> It's really hard to judge whether the effects were the result of the ..herb.., or whether I just thought these effects were occurring because I was seeking for them to happen (constantly checking myself to see if I notice any change - a bit like the placebo effect I guess).
It's nice to see someone wondering whether they were subject to the placebo effect! Too many people seem to be a bit too convinced by their own personal experiences.
If you are concerned about a placebo effect you might want to try your own little experiment. Get some large empty gelatin capsules from a health food store. Put sugar in half of them and your ginkgo capsule (which should be small enough to fit) in the other (with sugar to fill up the rest of the space. Have a friend label some bottles with numbers (the more bottles your use, the more likely it will be that you aren't just guessing right). The numbers will correspond with whether the bottle contains the sugar or the ginkgo but only your friend will know which is which. Then have your friend put the capsules in the bottles. Complete one bottle and then go on to the next. Don't look at the capsules as you take them and be aware of any subtle ways that you might be discerning the difference (e.g. weight, aftertaste etc.) You might want to use a rating scale of your alertness. Be aware that if you choose the ginkgo, it might simply be a coincidence, so make sure that the difference in ratings is big.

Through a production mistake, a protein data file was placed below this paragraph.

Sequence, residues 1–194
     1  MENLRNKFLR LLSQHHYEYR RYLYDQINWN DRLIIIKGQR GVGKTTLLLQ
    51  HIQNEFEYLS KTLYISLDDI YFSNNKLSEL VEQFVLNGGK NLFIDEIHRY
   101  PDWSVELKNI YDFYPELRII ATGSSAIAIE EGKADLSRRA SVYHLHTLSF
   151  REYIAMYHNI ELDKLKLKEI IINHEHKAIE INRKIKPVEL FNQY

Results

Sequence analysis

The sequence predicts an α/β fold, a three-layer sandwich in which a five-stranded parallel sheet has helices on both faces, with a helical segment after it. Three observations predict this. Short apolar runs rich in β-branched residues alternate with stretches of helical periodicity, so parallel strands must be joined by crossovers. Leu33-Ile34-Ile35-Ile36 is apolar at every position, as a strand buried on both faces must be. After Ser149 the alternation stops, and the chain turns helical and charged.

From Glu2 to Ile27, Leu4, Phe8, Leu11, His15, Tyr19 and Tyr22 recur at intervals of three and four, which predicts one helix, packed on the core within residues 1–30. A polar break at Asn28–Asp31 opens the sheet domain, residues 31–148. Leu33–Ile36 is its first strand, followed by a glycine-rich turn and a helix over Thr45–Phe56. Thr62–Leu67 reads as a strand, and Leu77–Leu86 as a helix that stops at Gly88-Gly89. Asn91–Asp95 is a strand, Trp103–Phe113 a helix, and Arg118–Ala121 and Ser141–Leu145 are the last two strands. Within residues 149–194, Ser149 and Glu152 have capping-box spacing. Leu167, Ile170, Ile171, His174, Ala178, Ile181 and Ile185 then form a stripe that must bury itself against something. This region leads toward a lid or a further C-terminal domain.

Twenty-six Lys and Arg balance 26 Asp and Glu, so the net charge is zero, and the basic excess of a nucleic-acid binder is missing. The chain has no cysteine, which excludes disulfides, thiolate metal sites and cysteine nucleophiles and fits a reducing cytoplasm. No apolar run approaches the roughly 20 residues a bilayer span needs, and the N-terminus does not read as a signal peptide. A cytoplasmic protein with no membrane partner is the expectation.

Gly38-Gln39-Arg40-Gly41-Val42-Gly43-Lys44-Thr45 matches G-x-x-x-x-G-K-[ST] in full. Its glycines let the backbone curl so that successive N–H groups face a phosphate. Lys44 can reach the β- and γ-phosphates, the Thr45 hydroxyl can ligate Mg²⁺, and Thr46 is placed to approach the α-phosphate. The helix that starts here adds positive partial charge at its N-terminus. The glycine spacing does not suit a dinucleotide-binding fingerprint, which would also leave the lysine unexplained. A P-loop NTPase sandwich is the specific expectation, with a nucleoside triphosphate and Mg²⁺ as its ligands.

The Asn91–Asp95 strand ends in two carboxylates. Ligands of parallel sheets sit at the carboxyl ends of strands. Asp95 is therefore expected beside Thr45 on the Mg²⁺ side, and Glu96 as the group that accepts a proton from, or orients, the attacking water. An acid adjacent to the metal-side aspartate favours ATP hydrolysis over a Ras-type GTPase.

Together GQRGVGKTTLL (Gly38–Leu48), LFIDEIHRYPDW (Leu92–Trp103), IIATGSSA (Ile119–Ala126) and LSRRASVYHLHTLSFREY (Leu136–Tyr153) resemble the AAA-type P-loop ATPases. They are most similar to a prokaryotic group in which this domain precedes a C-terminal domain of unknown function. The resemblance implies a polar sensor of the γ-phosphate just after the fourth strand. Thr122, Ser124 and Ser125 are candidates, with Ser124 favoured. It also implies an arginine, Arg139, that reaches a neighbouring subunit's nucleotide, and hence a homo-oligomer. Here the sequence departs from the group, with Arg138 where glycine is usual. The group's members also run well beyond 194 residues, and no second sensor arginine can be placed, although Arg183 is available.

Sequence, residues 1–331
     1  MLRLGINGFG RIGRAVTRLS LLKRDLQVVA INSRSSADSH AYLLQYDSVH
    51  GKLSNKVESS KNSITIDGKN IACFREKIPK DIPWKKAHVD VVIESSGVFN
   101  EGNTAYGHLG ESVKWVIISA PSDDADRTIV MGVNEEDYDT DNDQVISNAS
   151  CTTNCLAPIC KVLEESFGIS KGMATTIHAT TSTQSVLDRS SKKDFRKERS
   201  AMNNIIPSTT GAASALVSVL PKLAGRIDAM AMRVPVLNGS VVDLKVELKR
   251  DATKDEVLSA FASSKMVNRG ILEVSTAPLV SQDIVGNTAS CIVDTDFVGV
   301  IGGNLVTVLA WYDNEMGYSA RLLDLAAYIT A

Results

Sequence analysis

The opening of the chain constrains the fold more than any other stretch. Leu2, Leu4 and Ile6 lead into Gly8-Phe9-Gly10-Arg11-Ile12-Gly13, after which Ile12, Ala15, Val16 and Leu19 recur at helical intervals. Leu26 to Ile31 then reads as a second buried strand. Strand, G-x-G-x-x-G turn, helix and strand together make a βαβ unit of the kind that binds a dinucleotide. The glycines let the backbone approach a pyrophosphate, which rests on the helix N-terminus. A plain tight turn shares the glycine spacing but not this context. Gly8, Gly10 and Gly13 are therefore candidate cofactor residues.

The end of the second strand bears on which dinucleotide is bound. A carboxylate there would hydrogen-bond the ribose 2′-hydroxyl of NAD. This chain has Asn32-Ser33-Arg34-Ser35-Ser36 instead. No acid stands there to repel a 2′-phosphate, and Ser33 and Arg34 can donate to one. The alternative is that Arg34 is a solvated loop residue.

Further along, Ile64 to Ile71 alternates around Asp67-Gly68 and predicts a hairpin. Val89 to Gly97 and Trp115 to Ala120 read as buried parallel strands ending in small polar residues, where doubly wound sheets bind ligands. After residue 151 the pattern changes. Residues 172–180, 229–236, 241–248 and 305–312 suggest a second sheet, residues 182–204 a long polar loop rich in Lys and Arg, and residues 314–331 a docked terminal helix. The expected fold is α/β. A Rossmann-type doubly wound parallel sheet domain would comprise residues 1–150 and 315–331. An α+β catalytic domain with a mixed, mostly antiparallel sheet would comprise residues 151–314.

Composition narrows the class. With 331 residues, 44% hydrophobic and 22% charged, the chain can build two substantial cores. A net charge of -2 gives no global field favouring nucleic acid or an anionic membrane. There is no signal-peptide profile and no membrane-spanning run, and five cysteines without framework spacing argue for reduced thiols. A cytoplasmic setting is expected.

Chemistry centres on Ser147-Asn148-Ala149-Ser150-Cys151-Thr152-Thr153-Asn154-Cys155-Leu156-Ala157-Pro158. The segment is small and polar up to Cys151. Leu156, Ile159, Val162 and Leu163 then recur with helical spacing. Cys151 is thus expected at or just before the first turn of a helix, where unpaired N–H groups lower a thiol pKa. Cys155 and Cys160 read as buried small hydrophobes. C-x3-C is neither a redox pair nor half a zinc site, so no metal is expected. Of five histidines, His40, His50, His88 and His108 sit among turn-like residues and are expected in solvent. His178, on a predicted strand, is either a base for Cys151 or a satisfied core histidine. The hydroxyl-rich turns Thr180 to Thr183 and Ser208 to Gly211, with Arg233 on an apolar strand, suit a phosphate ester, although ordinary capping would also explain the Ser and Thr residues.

MORAVCSIK.clipr.colorado.edu (Julia Moravcsik)